A spider crawled up my leg the other morning, out of nowhere. It might have been hiding in my skirt, fleeing towards safety as I pulled it on, trying not to get caught up in the mad rush that is me getting ready for work everyday. I had to consciously resist my fear as I bent over to inspect it, forcing myself not to swat it away or squeal. Instead I put my hand in front of it and let it crawl onto my palm, no cup, no piece of paper separating me from this creature that I both feared and revered. As I brought it closer to my eyes I could see that it was a perfect specimen. I carried it quickly to the door and let it free, and took it as a sign from the spiritual word that I must be doing the one thing I’m not: writing.
About a year ago, I got very into totem animals, and was horrified to discover through Ted Andrews’ guided meditation that my totem animal was a spider: the one creature on this green earth that really freaks me out. But since then, I have come to embrace the spiritual symbolism of the spider, and pay attention when they appear in my life. According to Ted Andrews, in his fascinating and fun-to-read book Animal Speak, the spider is the author of the most primordial alphabet:
“It was formed by the geometric patterns found within spider’s web. To many this was the first true alphabet. This is why spider is considered the teacher of language and the magic of writing. Those who weave magic with the written word probably have a spider totem.”
When I first got to California, I spent a weekend in a lovely house with rooms to let, which I found on Air-Bnb. As I went to wash my tea cup one morning, I found a crumpled up spider lying on her back in the sink. I desperately tried to scoop her up and out of the way of the faucet’s torrent of water. I was pleased to find that she was still alive, although in rough shape, but ultimately was not surprised by her state. I was also in a rough state at that time – waking up everyday in an anxious fit, scared and nervous all day long, terrified I would run out of money and end up like one of the many unfortunate homeless people on the street, who are so numerous in California.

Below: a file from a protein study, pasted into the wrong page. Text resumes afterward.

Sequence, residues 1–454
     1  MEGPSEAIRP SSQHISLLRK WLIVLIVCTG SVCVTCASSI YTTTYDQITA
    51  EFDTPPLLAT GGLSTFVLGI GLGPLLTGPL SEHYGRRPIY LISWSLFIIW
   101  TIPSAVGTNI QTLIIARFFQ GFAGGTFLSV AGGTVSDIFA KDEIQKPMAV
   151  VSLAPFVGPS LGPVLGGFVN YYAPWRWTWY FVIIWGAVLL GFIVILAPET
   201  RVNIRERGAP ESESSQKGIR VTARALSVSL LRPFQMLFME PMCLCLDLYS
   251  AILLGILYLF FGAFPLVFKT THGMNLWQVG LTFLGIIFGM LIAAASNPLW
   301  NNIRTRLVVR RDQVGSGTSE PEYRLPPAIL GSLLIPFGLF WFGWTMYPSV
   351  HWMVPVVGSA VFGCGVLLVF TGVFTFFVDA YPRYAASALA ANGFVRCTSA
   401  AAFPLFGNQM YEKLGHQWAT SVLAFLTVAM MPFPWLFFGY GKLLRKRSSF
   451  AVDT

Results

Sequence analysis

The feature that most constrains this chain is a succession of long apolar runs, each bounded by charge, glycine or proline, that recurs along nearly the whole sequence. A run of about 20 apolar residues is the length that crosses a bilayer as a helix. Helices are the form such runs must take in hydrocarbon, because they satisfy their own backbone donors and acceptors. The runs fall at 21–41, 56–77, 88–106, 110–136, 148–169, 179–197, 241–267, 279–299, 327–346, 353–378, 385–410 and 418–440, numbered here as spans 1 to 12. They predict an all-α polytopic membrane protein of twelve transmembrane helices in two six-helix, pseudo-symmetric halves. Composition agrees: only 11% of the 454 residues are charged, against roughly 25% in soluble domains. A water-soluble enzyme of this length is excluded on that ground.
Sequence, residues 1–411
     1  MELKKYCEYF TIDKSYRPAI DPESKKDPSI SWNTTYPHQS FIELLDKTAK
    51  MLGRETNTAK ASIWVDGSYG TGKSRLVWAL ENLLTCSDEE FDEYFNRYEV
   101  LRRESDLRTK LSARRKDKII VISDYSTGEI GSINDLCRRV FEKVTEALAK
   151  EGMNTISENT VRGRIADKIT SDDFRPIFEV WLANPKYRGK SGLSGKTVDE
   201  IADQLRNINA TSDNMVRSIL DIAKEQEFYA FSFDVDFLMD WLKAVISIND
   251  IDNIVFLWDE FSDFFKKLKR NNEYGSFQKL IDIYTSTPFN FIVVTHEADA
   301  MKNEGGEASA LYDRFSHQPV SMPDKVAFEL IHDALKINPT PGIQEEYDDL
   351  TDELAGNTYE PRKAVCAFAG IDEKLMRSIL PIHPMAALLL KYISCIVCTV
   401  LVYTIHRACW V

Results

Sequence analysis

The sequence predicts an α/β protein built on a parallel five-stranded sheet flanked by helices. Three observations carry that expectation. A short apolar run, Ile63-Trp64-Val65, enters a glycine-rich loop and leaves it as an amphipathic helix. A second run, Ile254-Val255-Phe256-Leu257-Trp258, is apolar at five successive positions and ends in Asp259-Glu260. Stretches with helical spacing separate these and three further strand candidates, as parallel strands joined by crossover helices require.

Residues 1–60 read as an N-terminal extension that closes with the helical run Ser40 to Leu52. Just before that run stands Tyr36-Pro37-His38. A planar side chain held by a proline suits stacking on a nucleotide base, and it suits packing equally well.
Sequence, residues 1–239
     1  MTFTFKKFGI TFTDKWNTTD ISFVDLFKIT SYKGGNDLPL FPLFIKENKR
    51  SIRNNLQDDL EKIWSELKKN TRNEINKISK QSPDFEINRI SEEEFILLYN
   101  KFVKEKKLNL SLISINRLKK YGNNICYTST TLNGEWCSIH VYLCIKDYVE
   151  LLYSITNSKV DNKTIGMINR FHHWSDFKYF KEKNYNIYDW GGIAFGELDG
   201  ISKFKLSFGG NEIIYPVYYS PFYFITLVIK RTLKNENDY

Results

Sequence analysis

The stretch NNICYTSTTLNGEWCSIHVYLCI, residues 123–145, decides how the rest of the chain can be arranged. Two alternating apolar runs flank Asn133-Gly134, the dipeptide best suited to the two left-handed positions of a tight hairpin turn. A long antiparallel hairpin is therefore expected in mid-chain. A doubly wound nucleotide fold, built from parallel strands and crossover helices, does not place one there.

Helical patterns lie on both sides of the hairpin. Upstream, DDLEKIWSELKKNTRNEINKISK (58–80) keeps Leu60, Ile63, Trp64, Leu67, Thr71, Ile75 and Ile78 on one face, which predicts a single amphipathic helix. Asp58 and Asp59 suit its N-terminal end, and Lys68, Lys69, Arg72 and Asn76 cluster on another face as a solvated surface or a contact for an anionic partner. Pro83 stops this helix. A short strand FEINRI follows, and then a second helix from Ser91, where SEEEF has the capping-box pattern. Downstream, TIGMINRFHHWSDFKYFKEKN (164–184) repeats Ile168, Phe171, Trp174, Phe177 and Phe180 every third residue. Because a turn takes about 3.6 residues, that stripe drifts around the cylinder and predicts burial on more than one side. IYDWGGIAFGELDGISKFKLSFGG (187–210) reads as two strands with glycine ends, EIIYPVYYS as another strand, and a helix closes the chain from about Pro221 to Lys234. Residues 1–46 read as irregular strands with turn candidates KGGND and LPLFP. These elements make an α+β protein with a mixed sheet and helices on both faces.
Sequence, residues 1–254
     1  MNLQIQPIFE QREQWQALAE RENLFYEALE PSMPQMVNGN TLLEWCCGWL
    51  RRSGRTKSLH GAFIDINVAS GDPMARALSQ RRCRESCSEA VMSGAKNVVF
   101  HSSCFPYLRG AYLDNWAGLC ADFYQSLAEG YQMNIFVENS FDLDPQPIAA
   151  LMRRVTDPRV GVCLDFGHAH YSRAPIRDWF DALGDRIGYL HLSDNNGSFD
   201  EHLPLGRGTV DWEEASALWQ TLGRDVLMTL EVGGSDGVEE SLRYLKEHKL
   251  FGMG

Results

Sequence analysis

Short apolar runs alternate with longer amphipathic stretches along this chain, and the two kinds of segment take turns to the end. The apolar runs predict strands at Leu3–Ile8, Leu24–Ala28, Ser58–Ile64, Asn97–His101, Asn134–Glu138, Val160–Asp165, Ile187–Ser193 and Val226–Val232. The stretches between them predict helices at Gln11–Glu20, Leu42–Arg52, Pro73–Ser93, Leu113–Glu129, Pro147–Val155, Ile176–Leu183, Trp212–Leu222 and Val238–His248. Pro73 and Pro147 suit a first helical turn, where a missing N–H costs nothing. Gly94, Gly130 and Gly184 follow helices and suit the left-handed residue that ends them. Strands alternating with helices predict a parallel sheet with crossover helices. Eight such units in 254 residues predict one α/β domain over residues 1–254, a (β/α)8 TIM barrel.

It’s been two months and I’ve settled into a more comfortable state of being. I moved into a house in Berkeley with five PhD students, and my life began to unfold in a much more comfortable daily routine: go to my temp job, come home, go to yoga, watch Battlestar Galactica. I have done everything else I have told myself to do: find a job, be frugal, make friends, go out when I don’t want to, , move across the country. But the writing I let go. It was the one thing I thought it was ok to give up on, I suppose because I was filling my time with the other things I felt like I was supposed to do, that this one “supposed” could slide. “Uh-uh,” the little spider messenger said, as she flickered over my summer-kissed skin with the dexterity of fingers on keys. “This is what makes you whole.”
And it does. I feel grounded to life this way. I feel centered in my truth when I’m writing, even if I’m not writing well. The rest of the world is a candy colored blur, but nothing is as concrete and sensible as writing, each line like a thread of a web connecting me to something larger and all-knowing. So here I am, writing. In between episodes of Battelstar Galactica.